Montreal

Quebec's public health director resigns as hospitals overwhelmed by Omicron

Quebec Premier François Legault has accepted the resignation of the province's public health director, Dr. Horacio Arruda.

Dr. Horacio Arruda has served for nearly 12 years

Quebec Premier François Legault, left, has accepted the resignation of Dr. Horacio Arruda, right, who has served as the province's public health director for nearly 12 years. (Ivanoh Demers/Radio-Canada)

Quebec Premier François Legault has accepted the resignation of the province's public health director, Dr. Horacio Arruda.

Arruda submitted his letter of resignation on Monday as the Omicron wave overwhelms hospitals across the province, forcing the health-care network to postpone surgeries and other medical services.

The crisis has drawn criticism from people like Liberal Leader Dominique Anglade, who said recently "intuition, not science" is leading Quebec's pandemic policy. And while some are calling for stronger leadership, hundreds of Quebecers took to Montreal's streets Saturday to protest tightening public health measures.

"Recent comments about the credibility of our opinions and our scientific rigour are undoubtedly causing some erosion of public support," Arruda wrote in his resignation letter.

"Given this erosion, I consider it appropriate to offer you the possibility of replacing me before the end of the term of my mandate."

Arruda has held the position for nearly 12 years. He was reappointed to another three-year term in June 2020.

He said in the letter that, should the premier wish, he would continue to serve.

However, the premier has already selected Arruda's successor and will likely make the announcement during a news conference Tuesday afternoon, Radio-Canada has learned.

The new director will be Dr. Luc Boileau, Radio-Canada says.

Boileau is currently president and CEO of the Institut national d'excellence en santé et en services sociaux (INESSS) —  a government health-care institute that works to promote clinical excellence and the efficient use of resources in the health and social services sector.

In recent weeks, Quebec's COVID-19 cases climbed so high that the province was forced to stop PCR testing as tens of thousands of people sought tests every day. Labs and testing site personnel could not keep up with the demand.

WATCH | Arruda defends plans to allow larger holiday gatherings:

Quebec's public health director defends decision to allow larger holiday gatherings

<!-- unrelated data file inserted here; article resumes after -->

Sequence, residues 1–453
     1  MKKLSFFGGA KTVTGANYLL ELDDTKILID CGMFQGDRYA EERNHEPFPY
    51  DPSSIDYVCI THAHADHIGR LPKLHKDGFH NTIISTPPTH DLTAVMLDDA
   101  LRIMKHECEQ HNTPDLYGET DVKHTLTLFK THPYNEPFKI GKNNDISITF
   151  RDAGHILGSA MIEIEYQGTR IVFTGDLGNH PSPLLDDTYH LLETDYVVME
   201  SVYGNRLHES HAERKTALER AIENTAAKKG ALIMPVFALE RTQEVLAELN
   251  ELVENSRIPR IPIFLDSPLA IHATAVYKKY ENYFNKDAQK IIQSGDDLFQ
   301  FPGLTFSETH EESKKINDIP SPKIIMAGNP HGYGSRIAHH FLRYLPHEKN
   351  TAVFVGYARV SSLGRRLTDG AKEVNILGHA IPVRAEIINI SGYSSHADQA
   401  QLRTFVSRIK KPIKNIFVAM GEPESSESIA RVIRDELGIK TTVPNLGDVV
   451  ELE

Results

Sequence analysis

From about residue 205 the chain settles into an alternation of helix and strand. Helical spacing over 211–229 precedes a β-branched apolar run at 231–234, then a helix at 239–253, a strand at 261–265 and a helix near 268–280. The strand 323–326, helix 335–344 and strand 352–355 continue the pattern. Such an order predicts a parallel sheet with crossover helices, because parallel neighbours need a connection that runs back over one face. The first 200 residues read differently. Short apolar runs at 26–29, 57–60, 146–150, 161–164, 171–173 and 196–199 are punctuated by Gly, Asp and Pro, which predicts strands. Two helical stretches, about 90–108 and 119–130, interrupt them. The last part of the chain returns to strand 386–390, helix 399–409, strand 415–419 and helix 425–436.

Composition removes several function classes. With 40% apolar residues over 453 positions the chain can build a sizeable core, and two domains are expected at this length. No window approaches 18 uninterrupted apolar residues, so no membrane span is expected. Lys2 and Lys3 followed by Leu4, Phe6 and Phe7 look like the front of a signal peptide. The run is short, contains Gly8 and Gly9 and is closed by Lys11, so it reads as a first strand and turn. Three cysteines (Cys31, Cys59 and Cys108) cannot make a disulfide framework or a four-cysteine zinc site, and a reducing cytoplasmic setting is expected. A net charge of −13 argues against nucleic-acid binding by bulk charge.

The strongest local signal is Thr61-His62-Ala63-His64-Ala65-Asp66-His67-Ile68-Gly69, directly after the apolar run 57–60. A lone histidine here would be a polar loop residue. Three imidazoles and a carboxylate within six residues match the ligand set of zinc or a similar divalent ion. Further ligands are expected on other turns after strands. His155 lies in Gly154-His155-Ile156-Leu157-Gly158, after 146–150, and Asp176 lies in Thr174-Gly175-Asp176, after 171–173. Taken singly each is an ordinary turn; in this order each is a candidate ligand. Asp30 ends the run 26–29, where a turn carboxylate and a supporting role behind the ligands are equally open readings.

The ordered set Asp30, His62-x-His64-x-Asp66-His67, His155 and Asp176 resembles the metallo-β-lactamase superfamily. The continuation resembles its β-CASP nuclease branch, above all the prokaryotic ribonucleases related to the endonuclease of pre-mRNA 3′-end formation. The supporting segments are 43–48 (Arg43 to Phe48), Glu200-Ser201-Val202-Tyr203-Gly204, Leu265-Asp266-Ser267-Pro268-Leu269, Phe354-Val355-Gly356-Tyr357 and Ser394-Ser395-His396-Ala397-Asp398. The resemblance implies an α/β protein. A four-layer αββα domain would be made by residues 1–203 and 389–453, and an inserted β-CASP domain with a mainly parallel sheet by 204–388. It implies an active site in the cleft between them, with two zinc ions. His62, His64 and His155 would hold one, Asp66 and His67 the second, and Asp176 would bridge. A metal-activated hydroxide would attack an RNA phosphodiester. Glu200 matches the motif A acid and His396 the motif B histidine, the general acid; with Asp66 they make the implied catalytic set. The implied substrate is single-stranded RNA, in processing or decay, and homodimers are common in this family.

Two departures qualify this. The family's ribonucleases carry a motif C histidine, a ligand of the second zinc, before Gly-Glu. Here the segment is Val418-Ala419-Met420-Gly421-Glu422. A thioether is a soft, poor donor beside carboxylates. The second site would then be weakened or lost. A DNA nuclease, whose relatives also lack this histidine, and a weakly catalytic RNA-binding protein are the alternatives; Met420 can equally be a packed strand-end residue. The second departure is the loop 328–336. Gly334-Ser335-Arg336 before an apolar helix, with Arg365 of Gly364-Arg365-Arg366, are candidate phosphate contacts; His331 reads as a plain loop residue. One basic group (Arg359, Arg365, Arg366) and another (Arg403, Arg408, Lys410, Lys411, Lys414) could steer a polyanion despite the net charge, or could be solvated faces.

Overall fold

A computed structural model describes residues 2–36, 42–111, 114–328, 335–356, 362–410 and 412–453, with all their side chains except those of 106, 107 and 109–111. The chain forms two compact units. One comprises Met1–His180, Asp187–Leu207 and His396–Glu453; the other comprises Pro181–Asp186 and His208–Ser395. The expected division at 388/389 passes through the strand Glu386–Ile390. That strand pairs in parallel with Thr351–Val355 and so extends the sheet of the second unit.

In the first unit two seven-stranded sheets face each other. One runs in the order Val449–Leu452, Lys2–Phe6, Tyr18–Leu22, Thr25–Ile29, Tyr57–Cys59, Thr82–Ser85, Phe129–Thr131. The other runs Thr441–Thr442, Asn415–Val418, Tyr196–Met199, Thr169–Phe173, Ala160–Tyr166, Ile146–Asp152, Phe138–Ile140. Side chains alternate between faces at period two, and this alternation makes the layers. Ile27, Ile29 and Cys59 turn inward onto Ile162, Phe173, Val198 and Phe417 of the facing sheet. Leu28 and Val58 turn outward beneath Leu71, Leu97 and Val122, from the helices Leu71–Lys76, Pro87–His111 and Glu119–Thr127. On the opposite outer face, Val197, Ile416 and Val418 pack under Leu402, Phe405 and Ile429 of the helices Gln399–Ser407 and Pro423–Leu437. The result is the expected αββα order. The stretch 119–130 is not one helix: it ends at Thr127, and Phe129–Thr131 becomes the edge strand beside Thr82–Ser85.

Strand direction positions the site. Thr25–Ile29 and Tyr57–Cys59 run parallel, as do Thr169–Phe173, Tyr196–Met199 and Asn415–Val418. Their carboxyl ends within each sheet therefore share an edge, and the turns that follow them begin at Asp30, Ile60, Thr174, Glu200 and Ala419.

5 months ago
Duration 1:35
Dr. Horacio Arruda says the decision to stick with a plan to increase private gathering limits is motivated by science, not politics.

The provincial government has been locking down the economy once again, encouraging people to stay home by closing gyms, restaurant dining rooms and entertainment venues. A curfew from 10 p.m. to 5 a.m. is in place, stopping all non-essential travel at night.

Still, urban and rural hospitals alike are reaching their highest alert, running out of beds for new patients. On Monday, Quebec reported 2,554 people in hospital with COVID-19, including 248 patients in intensive care.

During recent news conferences, Legault has been routinely asked if he still has faith in Arruda and the premier has defended him.

For example, on Dec. 30, Legault said, "I think we have all the necessary expertise to make the best decisions." He said other governments — other states — have been following Quebec's lead throughout the pandemic.

"So I think we are ahead of the parade and it is important to stay like that, and it is, among other things, thanks to Dr. Arruda," Legault said.

In his resignation letter, Arruda says he and his colleagues have, over the last two years, "fought tirelessly to minimize the impact of this terrible COVID-19 pandemic."

"In a context of uncertainties and rapid advances in knowledge, we issued public health opinions and made recommendations, the best possible, to support the government in its decision-making in a timely manner."

Various expert opinions and public-health standards have been taken into account when making those recommendations, Arruda says.

"We have paid particular attention to our most vulnerable populations and taken into account the significant impacts of the proposed measures on the multiple determinants of health and the health-care network," he says.

Arruda says he does not see his offer to resign as abandonment, but rather an "offer of an opportunity to reassess the situation."

with files from Radio-Canada

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